Mid-size fund firms stumbled last month in terms of flows.
This article draws from Morningstar Direct
data on March 2019 open-end mutual fund and ETF flows (excluding money-market funds and funds of funds). This article focuses specifically on the 79 firms with between $10 billion and $100 billion (in mutual fund and ETF AUM). 37 of those firms gained net inflows in March, while 42 suffered net outflows.
led the mid-size fund firm pack last month, with estimated net inflows of $3.039 billion, up from $1.323 billion in February
. Other big March inflows winners included: First Trust
, $1.452 billion (up from $1.058 billion); DoubleLine
, $1.368 billion (down from $1.688 billion); Morgan Stanley
, $959 million (down from $1.071 billion); and DWS
, $950 million (up from $129 million in net outflows).
Proportionately among mid-size firms, DWS led the pack last month with estimated net March inflows equivalent to 7.12 percent of its AUM, up from 0.38 percent in net outflows in February. Other big March inflows winners included: Baird, 5.73 percent (up from 2.69 percent); First Trust, 2.12 percent (up from 1.59 percent); Morgan Stanley, 2.08 percent (down from 2.4 percent); and Mirae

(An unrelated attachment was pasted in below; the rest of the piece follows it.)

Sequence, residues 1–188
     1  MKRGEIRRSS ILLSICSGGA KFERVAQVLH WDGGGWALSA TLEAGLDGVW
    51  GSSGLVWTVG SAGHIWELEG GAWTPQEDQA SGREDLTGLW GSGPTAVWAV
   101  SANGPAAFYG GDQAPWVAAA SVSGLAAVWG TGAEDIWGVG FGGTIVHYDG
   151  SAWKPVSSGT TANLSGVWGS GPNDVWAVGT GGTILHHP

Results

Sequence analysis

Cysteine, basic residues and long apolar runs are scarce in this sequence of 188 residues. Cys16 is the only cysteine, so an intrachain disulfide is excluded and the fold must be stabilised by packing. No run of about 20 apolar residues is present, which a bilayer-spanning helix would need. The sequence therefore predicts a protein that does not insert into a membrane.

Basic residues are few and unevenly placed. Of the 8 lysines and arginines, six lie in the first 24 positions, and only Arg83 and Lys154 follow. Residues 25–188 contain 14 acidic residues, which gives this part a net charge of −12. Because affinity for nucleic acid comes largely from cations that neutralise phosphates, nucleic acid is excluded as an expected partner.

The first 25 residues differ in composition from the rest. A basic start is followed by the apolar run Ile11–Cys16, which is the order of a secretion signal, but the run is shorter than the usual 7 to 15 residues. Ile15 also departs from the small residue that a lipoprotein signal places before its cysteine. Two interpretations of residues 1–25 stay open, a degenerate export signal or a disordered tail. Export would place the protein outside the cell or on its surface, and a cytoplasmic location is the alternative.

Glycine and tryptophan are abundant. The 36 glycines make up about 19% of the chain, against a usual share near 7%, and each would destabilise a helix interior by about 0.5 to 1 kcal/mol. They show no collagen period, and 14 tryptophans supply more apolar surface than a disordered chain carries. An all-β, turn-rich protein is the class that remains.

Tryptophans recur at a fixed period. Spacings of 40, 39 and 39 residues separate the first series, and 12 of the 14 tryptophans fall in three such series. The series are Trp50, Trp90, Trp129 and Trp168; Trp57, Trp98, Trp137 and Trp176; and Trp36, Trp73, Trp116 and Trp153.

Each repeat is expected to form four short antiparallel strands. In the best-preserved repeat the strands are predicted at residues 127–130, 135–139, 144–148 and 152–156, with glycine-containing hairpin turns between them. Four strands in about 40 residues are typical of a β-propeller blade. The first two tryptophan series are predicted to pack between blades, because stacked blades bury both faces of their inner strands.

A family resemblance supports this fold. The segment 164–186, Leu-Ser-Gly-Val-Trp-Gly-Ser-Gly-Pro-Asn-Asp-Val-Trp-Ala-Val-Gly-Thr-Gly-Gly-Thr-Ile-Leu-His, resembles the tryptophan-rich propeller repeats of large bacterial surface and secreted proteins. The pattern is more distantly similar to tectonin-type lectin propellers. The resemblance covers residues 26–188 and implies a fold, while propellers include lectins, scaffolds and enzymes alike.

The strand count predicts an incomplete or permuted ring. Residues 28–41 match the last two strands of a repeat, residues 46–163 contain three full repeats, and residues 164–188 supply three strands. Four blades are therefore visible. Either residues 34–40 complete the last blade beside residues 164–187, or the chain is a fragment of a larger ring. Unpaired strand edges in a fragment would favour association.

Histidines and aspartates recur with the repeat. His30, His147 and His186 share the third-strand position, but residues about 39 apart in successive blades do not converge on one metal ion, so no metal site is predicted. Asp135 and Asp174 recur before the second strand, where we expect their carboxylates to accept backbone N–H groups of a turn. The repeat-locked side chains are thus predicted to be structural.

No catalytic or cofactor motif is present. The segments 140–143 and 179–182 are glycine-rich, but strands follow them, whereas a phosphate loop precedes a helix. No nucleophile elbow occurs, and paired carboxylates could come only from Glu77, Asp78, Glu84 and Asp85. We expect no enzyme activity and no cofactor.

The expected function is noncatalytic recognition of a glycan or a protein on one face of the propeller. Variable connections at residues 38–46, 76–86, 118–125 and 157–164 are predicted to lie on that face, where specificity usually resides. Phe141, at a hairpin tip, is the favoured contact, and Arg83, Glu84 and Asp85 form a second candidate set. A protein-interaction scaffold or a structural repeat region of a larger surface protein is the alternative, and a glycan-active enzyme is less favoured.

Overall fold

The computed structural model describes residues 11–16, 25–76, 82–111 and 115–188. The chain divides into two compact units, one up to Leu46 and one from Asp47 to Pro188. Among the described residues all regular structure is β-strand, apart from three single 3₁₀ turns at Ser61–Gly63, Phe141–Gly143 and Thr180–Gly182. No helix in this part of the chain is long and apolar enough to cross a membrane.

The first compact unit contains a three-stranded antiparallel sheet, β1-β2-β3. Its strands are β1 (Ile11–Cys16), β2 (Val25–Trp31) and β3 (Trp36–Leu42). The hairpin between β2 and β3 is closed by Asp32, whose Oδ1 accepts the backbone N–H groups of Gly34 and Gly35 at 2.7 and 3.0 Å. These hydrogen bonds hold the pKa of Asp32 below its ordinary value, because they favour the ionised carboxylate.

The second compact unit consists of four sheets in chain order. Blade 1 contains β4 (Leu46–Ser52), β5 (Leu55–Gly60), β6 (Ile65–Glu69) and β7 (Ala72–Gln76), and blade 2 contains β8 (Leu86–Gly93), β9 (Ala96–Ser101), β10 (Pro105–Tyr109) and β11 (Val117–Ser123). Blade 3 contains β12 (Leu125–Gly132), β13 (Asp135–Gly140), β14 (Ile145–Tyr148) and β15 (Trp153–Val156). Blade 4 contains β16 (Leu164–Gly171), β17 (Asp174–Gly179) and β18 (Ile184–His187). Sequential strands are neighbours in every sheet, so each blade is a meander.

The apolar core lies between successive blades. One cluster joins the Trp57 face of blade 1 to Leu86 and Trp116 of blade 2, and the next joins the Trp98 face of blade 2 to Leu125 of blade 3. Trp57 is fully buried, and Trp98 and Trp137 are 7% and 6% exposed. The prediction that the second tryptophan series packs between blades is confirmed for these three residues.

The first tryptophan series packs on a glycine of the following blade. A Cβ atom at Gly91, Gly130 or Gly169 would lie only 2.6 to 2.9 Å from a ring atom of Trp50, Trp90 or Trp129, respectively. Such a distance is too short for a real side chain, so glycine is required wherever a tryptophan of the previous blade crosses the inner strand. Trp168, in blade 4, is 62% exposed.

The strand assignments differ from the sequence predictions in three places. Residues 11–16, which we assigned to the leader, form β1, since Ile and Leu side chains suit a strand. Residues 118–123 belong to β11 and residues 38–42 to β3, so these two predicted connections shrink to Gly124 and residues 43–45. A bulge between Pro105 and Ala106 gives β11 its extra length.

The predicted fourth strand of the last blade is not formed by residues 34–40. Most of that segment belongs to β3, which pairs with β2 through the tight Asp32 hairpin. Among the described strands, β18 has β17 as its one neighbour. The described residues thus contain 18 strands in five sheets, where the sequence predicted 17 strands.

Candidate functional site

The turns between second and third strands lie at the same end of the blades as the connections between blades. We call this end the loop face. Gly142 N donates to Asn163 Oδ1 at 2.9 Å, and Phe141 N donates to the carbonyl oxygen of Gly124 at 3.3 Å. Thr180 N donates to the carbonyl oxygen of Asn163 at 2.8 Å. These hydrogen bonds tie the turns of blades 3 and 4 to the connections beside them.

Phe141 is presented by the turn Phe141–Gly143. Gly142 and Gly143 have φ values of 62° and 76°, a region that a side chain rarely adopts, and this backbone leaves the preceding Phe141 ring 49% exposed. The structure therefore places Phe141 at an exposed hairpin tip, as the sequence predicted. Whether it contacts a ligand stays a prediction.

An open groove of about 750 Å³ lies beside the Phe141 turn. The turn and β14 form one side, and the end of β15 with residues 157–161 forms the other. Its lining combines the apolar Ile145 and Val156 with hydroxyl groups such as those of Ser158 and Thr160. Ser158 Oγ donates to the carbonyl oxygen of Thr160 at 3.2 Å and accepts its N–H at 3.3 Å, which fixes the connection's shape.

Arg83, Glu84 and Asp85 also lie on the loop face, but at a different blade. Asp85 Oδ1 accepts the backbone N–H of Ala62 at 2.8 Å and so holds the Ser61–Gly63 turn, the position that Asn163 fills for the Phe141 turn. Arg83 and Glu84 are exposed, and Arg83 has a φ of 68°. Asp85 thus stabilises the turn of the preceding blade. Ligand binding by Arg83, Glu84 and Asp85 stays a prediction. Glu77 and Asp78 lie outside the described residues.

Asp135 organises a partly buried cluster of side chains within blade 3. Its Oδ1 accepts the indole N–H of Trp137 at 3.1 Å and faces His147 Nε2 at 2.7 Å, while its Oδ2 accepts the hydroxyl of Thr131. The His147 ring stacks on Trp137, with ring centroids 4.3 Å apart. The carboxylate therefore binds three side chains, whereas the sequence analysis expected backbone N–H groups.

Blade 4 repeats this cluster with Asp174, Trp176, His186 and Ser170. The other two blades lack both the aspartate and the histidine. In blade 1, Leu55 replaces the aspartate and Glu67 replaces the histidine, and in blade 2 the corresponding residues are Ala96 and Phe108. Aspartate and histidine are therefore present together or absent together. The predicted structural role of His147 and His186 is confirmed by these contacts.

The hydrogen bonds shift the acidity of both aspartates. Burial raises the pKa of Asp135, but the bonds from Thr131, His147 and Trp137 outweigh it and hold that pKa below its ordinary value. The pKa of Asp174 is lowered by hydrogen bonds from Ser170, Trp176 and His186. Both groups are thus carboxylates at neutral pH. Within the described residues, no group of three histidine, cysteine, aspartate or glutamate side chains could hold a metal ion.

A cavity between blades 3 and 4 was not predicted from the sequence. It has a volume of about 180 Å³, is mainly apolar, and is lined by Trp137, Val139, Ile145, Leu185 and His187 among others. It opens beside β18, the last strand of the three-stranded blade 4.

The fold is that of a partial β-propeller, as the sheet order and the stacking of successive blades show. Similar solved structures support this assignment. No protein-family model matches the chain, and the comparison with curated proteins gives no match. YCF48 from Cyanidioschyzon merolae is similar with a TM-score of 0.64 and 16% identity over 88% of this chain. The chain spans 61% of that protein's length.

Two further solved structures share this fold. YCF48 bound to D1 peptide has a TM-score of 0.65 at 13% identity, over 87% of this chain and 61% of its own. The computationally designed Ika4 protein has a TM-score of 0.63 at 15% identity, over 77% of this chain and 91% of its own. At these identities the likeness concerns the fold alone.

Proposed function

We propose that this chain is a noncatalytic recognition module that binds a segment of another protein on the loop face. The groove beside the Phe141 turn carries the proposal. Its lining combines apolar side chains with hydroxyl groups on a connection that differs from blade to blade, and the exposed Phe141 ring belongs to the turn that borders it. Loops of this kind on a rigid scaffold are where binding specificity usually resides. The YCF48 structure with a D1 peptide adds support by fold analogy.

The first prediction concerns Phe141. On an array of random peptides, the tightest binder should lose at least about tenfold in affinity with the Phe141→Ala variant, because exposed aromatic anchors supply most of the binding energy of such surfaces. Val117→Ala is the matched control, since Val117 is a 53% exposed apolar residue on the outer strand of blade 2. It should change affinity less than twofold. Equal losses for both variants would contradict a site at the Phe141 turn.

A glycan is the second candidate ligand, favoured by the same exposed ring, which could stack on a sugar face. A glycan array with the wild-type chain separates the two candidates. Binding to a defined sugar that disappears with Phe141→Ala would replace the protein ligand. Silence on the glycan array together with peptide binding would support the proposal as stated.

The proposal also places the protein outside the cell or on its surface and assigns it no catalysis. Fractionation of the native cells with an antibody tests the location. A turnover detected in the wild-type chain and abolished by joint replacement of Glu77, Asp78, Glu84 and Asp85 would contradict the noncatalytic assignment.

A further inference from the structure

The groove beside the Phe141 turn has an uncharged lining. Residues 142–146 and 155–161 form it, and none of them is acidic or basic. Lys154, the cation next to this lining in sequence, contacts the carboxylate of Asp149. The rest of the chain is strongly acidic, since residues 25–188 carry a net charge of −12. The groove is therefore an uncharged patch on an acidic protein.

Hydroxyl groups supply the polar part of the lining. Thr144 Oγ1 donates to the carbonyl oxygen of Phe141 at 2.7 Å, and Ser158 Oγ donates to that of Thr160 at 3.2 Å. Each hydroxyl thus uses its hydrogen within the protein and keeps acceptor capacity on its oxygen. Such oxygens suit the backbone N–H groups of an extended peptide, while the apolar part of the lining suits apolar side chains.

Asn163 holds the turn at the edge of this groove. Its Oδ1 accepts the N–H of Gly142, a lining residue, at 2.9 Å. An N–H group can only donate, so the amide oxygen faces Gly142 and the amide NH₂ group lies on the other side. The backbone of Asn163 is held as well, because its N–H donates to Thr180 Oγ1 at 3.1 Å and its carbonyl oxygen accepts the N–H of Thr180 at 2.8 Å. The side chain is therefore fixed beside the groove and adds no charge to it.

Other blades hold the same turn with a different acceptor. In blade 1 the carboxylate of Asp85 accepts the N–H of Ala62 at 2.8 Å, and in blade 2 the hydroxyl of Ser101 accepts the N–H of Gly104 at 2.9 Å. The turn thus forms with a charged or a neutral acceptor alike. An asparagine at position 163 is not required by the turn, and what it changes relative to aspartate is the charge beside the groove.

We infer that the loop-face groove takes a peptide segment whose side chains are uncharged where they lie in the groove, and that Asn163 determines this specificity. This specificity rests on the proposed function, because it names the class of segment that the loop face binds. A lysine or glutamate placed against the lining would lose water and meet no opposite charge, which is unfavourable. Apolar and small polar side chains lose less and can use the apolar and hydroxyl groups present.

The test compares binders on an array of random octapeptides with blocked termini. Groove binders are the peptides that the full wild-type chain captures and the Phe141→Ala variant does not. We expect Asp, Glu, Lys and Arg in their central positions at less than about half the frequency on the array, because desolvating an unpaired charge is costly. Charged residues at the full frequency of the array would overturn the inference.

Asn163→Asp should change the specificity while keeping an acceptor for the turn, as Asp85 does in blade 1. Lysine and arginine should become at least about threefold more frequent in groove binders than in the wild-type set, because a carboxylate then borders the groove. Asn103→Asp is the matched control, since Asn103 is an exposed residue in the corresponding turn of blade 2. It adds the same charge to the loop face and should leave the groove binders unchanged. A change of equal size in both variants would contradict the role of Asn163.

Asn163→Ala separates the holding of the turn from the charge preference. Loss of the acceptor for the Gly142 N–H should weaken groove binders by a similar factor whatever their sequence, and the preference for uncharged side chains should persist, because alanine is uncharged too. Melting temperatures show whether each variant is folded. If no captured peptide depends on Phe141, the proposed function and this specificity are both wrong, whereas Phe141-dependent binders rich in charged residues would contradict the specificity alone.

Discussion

(including Global X
), 1.85 percent (down from 2.71 percent).
On the flip side, March was a rough month for SEI
, which suffered an estimated $1.656 billion in net outflows, more than any other mid-size firm and up from $75 million in February. Other big March outflows sufferers included: AMG
, $1.037 billion (up from $424 million); Harris' Oakmark
, $674 million (up from $317 million); Waddell & Reed's Ivy
, $629 million (up from $481 million); and Harbor
, $586 million (down from $661 million).
Proportionately, AMG led the mid-size outflows pack last month, suffering estimated net March outflows equivalent to 3.49 percent of its AUM, up from 1.39 percent in February. Other big March outflows sufferers included: William Blair
, 2.78 percent (up from 1.44 percent); AQR
, 1.72 percent (up from 1.32 percent); Aberdeen Standard
, 1.68 percent (down from 3.37 percent); and SEI, 1.67 percent (up from 0.08 percent).
As a group, the 79 mid-size fund firms suffered an estimated $201 million in combined net outflows, equivalent to about 0.01 percent of their combined AUM. That's down from $2.064 billion in net mid-size inflows in February.
Across the whole industry (M* tracks flows from 779 firms), long-term mutual funds and ETFs brought in a combined $44.191 billion in estimated net inflows in March, equivalent to 0.24 percent of industry AUM. Passive funds brought in $49.46 billion in net inflows, while active funds suffered $5.269 billion in net outflows.
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